Second, Mr. Obama’s plans are funded by fantasies and new taxes. The financing of his plan depends heavily on purely hypothetical cost savings, most of which are already discredited by the Congressional Budget Office (see May 2008, “Evidence on the Costs and Benefits of Health Information Technology”), including his naive estimates from “investments in IT to reduce administrative costs, better disease management, reduced insurance overhead, reinsurance, and reduced uncompensated care” and claims that “businesses will save $140 billion annually in insurance premiums… and the typical family will save $2,500 per year.”

He goes on to paint the illusion of pain-free government expansion and his new public insurance system by invoking key tenets of unabashed class warfare, anti-business liberalism with his new personal income taxes “on the rich” and new payroll taxes, both of which ultimately reduce workers’ wages and inhibit much needed economic growth.

Americans have a clear choice between candidates on this issue. John McCain empowers the individual, not the government, by putting control of the health-care dollar in the hands of Americans, so they can make value-based purchases of health insurance they actually want, rather than insurance they are forced to buy.

Mr. McCain’s health-care tax credit will introduce fairness into the tax treatment of health-care expenses, and specifically assist lower-income workers and their families, as well as small-business employees, i.e. those who do not benefit from the current tax treatment of health coverage, to purchase private health insurance coverage.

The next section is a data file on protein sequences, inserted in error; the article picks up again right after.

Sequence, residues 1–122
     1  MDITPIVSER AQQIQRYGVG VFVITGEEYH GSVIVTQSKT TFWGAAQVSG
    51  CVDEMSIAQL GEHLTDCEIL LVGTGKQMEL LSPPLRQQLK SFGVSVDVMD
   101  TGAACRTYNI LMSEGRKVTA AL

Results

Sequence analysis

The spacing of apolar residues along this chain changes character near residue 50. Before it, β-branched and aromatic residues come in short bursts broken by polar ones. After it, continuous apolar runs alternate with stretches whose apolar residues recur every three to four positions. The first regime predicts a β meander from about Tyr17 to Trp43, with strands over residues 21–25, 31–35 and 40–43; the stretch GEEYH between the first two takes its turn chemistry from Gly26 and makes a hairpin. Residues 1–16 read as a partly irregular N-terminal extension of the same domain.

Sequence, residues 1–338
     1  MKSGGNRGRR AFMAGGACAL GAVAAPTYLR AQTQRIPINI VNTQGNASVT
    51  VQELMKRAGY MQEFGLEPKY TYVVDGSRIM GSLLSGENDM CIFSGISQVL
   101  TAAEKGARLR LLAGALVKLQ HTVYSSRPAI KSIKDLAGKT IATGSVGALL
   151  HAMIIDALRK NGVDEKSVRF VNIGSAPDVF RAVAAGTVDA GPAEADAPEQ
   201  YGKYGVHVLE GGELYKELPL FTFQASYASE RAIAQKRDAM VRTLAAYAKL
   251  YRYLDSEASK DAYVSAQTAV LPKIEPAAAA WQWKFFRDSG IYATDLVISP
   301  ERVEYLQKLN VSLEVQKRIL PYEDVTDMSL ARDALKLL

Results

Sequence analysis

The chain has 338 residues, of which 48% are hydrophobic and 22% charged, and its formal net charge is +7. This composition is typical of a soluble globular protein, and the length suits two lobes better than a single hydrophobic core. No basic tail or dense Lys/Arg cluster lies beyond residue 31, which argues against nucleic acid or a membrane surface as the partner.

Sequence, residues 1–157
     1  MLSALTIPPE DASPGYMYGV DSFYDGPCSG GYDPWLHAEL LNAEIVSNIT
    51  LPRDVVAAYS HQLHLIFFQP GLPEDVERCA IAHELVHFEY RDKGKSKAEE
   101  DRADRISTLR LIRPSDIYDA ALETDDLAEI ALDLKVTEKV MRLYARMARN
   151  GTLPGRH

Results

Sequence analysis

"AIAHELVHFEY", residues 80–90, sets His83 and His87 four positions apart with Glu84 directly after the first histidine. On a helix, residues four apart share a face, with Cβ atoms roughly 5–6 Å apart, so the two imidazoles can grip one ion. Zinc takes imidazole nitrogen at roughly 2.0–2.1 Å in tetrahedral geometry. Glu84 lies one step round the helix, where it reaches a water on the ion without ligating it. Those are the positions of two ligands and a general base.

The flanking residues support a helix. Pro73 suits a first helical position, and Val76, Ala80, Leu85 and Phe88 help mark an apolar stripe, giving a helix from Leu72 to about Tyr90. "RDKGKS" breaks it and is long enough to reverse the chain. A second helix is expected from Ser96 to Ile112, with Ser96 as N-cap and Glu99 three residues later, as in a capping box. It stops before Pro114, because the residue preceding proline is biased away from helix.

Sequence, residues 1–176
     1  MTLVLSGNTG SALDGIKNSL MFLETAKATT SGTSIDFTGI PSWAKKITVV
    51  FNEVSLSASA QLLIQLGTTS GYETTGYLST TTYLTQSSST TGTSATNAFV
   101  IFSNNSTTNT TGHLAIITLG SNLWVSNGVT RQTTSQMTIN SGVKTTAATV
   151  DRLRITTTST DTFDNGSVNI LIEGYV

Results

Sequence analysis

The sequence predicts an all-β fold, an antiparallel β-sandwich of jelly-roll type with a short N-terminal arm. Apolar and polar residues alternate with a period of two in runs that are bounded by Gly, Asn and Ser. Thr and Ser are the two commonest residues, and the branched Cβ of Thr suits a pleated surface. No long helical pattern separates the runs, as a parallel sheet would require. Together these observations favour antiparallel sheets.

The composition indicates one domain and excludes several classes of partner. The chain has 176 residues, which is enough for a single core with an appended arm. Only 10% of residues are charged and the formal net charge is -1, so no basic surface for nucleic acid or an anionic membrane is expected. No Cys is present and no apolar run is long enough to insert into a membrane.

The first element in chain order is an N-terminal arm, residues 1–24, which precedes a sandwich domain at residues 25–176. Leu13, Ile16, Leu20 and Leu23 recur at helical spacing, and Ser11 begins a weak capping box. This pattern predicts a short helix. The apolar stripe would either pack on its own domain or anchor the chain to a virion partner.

Mr. McCain will force transparency on the system with access to information on quality, price and healthy lifestyles for disease prevention. He will create insurance affordability for all, by generating a new, competitive national health insurance market.

The concept of bold change may be the central theme of Mr. Obama’s campaign, and a significant proportion of Americans has been attracted to that vision. But in health care in particular, it is crucial to both recognize reality and to understand the consequences of misguided policy. Hiding under the veneer of positive change, Mr. Obama’s health plan relies on a radical expansion of overburdened entitlements, and on creating new government programs that only seem moderate when compared to other extremist advocates of even more centralized power.

And just as other promises of entitlements to the American public, this one requires new taxes, far more intrusive government bureaucracy, a trust in government over the American people in the most personal decisions of all, and a naive belief in health-care fantasies rivaling even former President Jimmy Carter, who shockingly proclaimed in a 2002 address to the people of Cuba in support of Fidel Castro’s dictatorship that Cuba has superb systems of health care and universal education” while admonishing America’s government for withholding the “right” of universal health care from its people.

While Americans may reel from fear and uncertainty regarding the future of a sick economy, we can only hope they understand the stakes may be even higher when voting on the future of their own health.

Scott W. Atlas is senior fellow at Stanford University’s Hoover Institution and professor at the Stanford School of Medicine.

Copyright © 2022 The Washington Times, LLC. Click here for reprint permission.

Please read our comment policy before commenting.

Click to Read More and View Comments

Click to Hide